Part 1 in this series focused on Why We Don’t Like the Idea of Giving or Receiving Feedback

Part 2 offered Seven Actions to Help You Succeed with Feedback

In Part 3 of this series, the emphasis is on managing the discussions successfully with empathy and clarity. It turns out when the feedback discussion goes off the rails, as happens all too often, it’s because empathy and clarity were nowhere to be found.

Focus First on the Needs of the Feedback Receiver

As challenging as it is for even the best-trained and experienced givers of feedback to conduct constructive feedback discussions, the emotional burden is borne by the person receiving the input.

Receiving constructive feedback fires up a full shopping cart of emotional reactions ranging from challenging a person’s sense-of-self to generating feelings of outrage, anger, or disappointment.  

As the feedback giver, it’s imperative for you to tune-in to the potential for these emotional reactions and bring both empathy and clarity to the situation. Your extra work preparing for the discussion will improve your odds of creating a mutually valuable outcome.

First, Earn the Right to Give Someone Feedback

The quality of your feedback discussions are directly related to the quality of the relationships you foster with your team members. Research shows trusting, engaged leaders generate a positive brain response from their counterparts, while dissonant or negative leaders achieve the opposite.

Invest in creating quality relationships where the understanding and expectation is you will help each other with feedback. The belief that you have the person’s safety and growth at the forefront of your mind opens the door to excellent quality feedback exchanges.

Just remember, you have to earn the right to give someone feedback. If your first effort at relationship development and creating trust is in the feedback discussion, you’re in for a challenging experience.

Always Pre-Plan Your Opening Sentence(s) to Ensure Clarity 

I’m on record a few thousand times, indicating that the feedback giver’s opening sentence(s) determines the discussion’s fate. That’s a lot of weight for a sentence or two, but the openers are where you frame the discussion around the observed behavior and tie it to impact.

While some models suggest the impact should focus on how it affected you, I advocate for focusing on how the observed behavior impacted business performance. Connecting the behavior to performance reduces the odds of it feeling like an indictment.

Once you’ve crafted the opening sentence, practice delivering it until you are comfortable with the sound and flow.

Tune Your Attitude Before You Engage

I strive to remind myself ahead of a feedback discussion on how important this opportunity is for both of us. I remind myself to tune my mind, voice, and body language to show care, encouragement, and openness. Importantly, instead of dictating a change, I remind myself that it’s incumbent upon me to facilitate the mutual development of an approach.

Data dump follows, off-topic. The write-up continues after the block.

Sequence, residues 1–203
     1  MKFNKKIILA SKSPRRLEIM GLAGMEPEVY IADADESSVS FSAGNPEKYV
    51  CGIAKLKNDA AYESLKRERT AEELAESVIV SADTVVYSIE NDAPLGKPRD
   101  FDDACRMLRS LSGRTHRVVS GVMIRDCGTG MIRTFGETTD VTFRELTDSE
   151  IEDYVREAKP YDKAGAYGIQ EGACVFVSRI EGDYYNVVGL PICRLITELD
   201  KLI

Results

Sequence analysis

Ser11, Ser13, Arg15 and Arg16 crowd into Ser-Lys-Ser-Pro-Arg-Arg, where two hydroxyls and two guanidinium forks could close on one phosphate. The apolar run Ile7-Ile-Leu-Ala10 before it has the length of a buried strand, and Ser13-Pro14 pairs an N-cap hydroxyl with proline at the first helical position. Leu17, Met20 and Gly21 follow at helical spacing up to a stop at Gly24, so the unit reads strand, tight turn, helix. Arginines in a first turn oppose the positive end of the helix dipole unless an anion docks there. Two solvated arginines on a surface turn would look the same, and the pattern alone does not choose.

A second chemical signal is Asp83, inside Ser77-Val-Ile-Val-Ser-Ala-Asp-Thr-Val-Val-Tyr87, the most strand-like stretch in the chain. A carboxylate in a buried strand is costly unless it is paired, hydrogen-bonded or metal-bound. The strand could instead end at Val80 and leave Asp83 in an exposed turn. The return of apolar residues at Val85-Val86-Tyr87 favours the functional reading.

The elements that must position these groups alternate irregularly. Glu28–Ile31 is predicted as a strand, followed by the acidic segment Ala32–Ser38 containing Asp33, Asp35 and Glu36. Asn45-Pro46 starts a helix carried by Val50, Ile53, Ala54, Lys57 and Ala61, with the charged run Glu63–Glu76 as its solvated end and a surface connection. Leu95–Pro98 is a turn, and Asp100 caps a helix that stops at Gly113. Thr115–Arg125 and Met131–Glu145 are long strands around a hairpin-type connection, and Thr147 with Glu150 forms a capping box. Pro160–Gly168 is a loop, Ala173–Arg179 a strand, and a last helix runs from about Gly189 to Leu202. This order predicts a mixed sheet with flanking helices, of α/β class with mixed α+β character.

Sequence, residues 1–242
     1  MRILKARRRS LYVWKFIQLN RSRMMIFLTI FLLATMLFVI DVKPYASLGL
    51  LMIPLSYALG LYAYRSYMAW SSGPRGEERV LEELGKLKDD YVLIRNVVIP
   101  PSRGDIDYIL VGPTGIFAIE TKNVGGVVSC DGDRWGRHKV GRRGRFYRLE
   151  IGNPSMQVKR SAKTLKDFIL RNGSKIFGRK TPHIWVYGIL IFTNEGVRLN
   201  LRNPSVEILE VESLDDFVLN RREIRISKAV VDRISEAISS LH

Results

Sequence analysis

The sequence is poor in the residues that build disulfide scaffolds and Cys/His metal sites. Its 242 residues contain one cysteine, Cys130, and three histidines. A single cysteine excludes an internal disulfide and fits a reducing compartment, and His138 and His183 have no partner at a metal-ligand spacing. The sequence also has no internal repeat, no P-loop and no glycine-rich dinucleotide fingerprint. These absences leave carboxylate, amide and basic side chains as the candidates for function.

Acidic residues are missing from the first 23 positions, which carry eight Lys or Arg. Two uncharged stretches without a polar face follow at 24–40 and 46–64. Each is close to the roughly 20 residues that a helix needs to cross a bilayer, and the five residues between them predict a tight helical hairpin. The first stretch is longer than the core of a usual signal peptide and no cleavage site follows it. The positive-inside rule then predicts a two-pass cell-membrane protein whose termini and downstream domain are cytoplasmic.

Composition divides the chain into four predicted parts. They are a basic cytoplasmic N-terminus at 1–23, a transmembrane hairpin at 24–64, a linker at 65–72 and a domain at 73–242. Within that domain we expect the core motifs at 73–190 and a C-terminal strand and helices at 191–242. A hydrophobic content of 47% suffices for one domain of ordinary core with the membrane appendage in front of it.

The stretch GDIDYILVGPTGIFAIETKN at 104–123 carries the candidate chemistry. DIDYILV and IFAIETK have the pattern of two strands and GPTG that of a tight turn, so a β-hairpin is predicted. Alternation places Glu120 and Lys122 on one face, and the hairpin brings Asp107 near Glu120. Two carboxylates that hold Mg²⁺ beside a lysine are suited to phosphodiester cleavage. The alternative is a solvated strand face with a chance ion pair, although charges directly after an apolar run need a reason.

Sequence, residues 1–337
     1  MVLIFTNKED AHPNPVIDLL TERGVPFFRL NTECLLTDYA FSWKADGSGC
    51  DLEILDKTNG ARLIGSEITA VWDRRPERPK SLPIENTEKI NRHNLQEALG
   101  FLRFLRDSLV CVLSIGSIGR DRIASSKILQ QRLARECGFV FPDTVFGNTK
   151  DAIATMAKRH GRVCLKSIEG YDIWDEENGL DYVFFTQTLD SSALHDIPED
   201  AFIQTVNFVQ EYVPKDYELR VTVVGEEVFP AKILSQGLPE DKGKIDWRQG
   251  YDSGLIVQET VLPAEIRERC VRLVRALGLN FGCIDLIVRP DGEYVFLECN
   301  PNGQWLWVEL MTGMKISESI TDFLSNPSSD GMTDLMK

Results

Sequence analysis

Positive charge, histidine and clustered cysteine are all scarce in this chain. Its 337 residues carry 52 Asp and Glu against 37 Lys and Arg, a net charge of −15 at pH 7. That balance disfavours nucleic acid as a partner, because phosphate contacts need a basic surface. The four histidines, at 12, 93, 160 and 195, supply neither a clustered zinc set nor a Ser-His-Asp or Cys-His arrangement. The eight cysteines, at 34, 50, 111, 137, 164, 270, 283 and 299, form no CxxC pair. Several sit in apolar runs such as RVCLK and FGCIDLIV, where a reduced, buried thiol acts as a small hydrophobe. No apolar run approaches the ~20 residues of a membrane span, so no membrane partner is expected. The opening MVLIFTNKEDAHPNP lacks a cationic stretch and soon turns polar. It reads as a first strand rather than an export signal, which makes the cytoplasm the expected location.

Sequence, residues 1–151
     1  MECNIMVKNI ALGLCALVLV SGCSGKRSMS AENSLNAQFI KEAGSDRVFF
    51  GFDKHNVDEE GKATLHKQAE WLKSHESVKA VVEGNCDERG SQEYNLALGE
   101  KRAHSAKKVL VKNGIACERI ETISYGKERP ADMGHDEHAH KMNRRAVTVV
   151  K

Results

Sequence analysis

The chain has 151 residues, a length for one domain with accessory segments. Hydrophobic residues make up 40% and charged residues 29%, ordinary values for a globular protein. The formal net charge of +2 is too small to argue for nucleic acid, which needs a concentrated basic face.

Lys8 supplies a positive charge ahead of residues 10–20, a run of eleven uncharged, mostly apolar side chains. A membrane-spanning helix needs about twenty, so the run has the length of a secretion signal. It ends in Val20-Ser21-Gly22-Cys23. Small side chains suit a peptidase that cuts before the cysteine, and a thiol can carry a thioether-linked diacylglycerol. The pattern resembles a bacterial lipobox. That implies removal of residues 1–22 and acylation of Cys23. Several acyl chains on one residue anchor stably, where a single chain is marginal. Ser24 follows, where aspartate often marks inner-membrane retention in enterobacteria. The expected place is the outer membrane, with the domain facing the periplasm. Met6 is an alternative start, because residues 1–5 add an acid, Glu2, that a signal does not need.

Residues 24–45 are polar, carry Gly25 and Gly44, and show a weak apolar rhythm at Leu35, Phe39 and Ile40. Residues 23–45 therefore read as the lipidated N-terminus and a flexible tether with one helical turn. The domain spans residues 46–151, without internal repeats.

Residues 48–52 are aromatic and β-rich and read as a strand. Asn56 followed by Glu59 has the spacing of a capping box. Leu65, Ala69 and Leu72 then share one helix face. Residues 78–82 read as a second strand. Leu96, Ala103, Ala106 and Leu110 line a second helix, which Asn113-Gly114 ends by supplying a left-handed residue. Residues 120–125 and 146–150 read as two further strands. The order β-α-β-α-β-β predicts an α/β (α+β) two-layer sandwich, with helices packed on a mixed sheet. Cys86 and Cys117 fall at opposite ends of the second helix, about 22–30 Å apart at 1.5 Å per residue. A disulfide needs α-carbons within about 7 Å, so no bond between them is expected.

Once my attitude is appropriately adjusted, I select a location that is neutral and private. If it’s a conference room, I strive to not sit in the power seat. I never ask people to my office—I go to their location or a neutral site.

Finally, Engage with Empathy, Humility, and Clarity

I know from long history and ample feedback I tend to come across strong in my communications. It’s essential for me to think through how I’m going to engage. You should do the same. Armed with the pre-preparation for your opening sentence and the right attitude, vocal tone, and body language, you can comfortably engage in the discussion to pursue mutual gain. If you are uncomfortable with the behavior and topic, don’t hide it. 

Our tendency with challenging conversations is to hurry up and escape. Do the opposite. Slow down. Let the receiver process the situation. Encourage suggestions immediately, and importantly, shift the focus to the future. Start talking about how the behavior might look in future settings. Once you agree, offer coaching, set a follow-on time to review progress, and thank the individual.

The Bottom-Line for Now:

Because feedback can trigger so many adverse emotional reactions, extra care is essential in planning and conducting these discussions. Your extraordinary work to focus on the receiver’s needs in feedback discussions will improve your odds of successful outcomes and strengthen your relationships all at the same time. 

Art's Signature


Professional Development Opportunity

For any individual interested in moving from good to great with feedback, join me for a few hours on 11/18/20 or 12/9/20 (you pick one) for our Feedback Skills Bootcamp. You’ll leave with a clear understanding of how to design and manage feedback discussions for success. You also gain a treasure trove of supporting materials to help reinforce the lessons from the Bootcamp. If you are reading this after the dates above, drop me a note and I’ll share the timing on upcoming sessions.